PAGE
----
Last Saturday morning was cool and damp. What better outdoor activity for such a time than putting up some antennas.
I had the opportunity to help put up an 80m/40m Doublet at the Excalibur antenna site. My only previous experience at getting antennas in trees was to use a throwing weight with kite line, but Paul Stroud (AA4XX) showed me the finer points of using a slingshot.
|Up, Up and... well that didn't go where I aimed|
- Attach a fishing reel with lightweight 6 lb fishing line to a slingshot. Lubricates the line with a very lightweight oil or teflon to let it better slide over branches, especially in the spring when the sap starts to flow.
- Attach a 1-2 oz weight to the line with a snap hook. You'll be taking that weight on and off the line frequently.
- Sight well above the tree and aim for a hefty fork in the branches that you wish to support the antenna wire.
- Let it fly... At which point there are a couple of possibilities:
- If you are Paul and you've done this many times then you move on to the next step.
- If you're like me you miss badly a few times, or you tangle the fine fishing line on the launch. When you miss:
- Gently tug on the fishing line watching for where the weight is at the other end. Mark that spot in your mind.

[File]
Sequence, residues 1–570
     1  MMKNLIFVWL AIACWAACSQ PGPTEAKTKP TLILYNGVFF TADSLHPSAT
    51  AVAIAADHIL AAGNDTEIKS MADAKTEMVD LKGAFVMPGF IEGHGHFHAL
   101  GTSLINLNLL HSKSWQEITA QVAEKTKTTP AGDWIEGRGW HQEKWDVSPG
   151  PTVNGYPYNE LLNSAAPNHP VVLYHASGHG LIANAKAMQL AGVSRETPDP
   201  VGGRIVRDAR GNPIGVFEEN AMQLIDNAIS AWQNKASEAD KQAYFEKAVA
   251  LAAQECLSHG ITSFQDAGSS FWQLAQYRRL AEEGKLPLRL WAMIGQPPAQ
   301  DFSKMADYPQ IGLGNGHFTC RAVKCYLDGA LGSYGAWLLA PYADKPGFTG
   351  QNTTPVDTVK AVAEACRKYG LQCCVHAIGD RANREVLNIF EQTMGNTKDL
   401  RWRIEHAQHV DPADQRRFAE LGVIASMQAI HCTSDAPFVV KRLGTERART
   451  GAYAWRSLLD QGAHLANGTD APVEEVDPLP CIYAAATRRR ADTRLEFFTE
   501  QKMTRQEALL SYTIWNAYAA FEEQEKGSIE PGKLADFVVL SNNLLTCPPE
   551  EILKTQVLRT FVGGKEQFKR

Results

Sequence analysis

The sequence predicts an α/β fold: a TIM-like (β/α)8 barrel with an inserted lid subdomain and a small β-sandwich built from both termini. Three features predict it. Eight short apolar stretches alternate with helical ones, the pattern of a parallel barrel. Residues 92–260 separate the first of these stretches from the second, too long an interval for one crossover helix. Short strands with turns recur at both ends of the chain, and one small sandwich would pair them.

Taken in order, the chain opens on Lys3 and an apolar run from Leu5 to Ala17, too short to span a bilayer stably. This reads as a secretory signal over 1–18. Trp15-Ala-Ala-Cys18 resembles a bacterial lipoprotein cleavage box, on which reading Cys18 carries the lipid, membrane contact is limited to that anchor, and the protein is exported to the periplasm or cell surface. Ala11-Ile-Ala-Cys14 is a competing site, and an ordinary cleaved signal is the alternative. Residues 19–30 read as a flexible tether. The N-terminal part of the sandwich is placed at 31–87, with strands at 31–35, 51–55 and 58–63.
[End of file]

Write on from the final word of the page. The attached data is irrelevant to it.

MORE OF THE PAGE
- Go detach the weight, come back to the rod, THOU SHALT NOT try to reel the line back with the weight attached. If you leave the weight on while trying to reel it back IT WILL wrap itself around a branch and you'll have to cut the line and likely lose the weight.
- Reel the line back in and try again.
|Correcting one of my many blunders. Homebrew ladder line in the foreground.|
The feedline was 125 feet of home-made open wire feedline made from cheap insulated 18 gauge wire and electric fence insulators. The plastic electric fence insulators had a hole drilled in each end and small zip ties were used to hold the wire in place. Insulators were spaced approximately 18 inches apart on the feedline. That's a lot of insulators. Paul is a patient man.
Other work at the site
While Paul and I were working to get the 80m and 40m doublet raised Dick (N4HAY) was doing an inspection on the antenna mounted on the 75 ft crank up tower. The tower had been lowered for maintenance.
Cranking it back up is a good cardio workout.
|N4HAY displaying the proverbial "High Standing Wave"|
So I'm learning about raising wire antennas and sharpshooting with slingshots. Fun times.
That's all for now
So lower your power and raise your expectations